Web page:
A blog by Joel Barolsky of Barolsky Advisors

Archive for June, 2020|Monthly archive page

Does your law firm really need a barista?

In Articles, Commentary on 11 June 2020 at 2:14 pm

Full text of my opinion piece first published in the Australian Financial Review on 4 June 2020.

For the past three months, many law firms have been in crisis management mode.

The focus has been on ensuring staff safety, staying close to clients, sustaining productivity and shoring up financial reserves. The mindset has been mainly about conservation and survival.

It’s time now time to look up and to look ahead – to work out what’s needed to succeed in the next normal.

Here are four things to think about in creating your future.

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#1 Organise for a hybrid workforce

Most law firms will seek to capitalise on the success of remote working and will adopt a model in which people work two or three days a week in the office and the balance at home. While this offers benefits in terms of staff flexibility, reduced commute times and lower occupancy costs, the rhythms of office life will be very different from life before coronavirus.

Firms will need to help their staff create boundaries and new work habits. This includes setting clear ‘office hours’; finding new ways to socialise that replace the serendipitous corridor bump; ensuring consistent supervision of graduates and clerks; and providing regular and balanced performance feedback.

#2 Speed up decision-making and execution

During the ten days from March 16-26, most law firms discovered that if push comes to shove, they can execute big decisions very quickly.

My advice: keep going!

The short-term public health crisis helped concentrate decision-making power. And it appears that in the main those vested with that power acted promptly and professionally.

Firms should build on this experience and streamline decision-making processes for times when things are back to normal. It could mean less consultation on trivial matters, fewer meetings, better communication and greater respect and appreciation for leadership roles.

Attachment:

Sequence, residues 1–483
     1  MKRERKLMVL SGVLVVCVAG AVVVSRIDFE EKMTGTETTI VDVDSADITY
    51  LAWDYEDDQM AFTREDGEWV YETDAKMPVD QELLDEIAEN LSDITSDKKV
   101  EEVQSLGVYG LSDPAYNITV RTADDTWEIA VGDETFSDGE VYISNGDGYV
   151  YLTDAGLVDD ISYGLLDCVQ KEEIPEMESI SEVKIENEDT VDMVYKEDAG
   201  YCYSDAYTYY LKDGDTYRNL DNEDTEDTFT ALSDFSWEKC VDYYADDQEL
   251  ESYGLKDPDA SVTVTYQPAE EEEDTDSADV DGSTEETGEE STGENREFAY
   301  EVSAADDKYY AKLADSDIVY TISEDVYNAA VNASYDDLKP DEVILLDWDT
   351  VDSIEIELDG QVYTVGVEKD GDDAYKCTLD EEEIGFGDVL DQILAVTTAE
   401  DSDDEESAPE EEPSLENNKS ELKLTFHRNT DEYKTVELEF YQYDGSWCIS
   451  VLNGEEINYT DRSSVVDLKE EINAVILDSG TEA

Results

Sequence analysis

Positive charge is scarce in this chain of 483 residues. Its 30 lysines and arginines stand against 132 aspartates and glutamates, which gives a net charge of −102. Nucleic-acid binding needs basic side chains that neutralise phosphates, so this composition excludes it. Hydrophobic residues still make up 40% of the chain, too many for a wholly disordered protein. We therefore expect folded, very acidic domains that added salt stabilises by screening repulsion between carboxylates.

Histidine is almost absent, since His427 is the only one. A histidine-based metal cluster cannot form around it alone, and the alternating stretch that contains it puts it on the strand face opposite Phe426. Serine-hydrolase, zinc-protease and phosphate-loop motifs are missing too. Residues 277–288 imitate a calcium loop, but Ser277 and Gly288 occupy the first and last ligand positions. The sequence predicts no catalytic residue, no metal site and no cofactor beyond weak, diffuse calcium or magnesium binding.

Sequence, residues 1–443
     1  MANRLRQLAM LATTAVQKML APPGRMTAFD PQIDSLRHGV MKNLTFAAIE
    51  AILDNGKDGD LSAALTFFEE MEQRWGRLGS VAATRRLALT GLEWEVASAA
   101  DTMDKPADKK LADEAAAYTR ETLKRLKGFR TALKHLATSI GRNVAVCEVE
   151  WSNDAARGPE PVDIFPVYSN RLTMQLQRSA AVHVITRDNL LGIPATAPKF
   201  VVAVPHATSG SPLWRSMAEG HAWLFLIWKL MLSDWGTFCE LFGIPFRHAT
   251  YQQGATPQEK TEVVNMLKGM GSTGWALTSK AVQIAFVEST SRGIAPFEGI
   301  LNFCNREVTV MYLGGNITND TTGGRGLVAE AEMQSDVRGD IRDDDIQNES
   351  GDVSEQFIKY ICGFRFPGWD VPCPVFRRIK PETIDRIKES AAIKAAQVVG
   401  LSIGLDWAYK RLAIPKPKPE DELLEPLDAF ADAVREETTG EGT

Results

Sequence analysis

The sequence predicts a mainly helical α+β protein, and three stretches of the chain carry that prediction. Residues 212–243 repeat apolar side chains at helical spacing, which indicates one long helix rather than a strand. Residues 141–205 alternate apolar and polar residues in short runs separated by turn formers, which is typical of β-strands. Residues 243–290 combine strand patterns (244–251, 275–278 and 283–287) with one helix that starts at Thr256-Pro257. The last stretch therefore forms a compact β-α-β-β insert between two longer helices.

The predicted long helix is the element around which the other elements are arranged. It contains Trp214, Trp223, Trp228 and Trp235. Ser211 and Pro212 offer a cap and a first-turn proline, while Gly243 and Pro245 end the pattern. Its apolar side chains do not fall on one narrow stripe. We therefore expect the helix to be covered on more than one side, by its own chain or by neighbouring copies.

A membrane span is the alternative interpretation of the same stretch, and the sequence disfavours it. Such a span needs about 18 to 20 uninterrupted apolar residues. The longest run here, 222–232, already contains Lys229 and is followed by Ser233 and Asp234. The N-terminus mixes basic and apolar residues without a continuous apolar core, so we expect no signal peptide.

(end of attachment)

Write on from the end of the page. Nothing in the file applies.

Most law firms are designed as network organisations with self-managed practice teams as nodes and a small central bureaucracy. In theory, this should make them agile and responsive, but the reality is often quite different. Firms should harness their structural strength to move earlier and faster.

#3 Plan and budget with less inertia

The coronavirus crisis has given firms the opportunity to assess the merits of every revenue and expense item.  Recent McKinsey analysis shows most organisations only reallocate 2 to 3 per cent of their budgets year to year. But those that do more—in the order of 8 to 10 per cent—create more value.

While starting each year’s budget with a blank sheet might be overkill, reviewing each item on a two- or three-year rotating cycle should ensure smarter allocation of resources.

Revenue targets might set with an honest assessment of market potential and how your team stacks up against key competitors. Expense items can be set with a clear-headed view on value creation.

#4 Personalise the client experience with scale

The client experience pre-coronavirus included numerous face-to-face meetings; document preparation shared via email; and multi-touch file handling.

The evidence from the past few months is that productive client meetings can still be held without a barista on call; documents can be prepared collaboratively in real-time and remotely; and that most aspects of file management can be automated.

In designing the firm of the future, think about creating a client experience that is personalised, streamlined and scalable.

This is the time to start imagining your firm as it should be. If you stay in conserve mode too long, you will land up being two or three steps behind those that are determined to create their own future.

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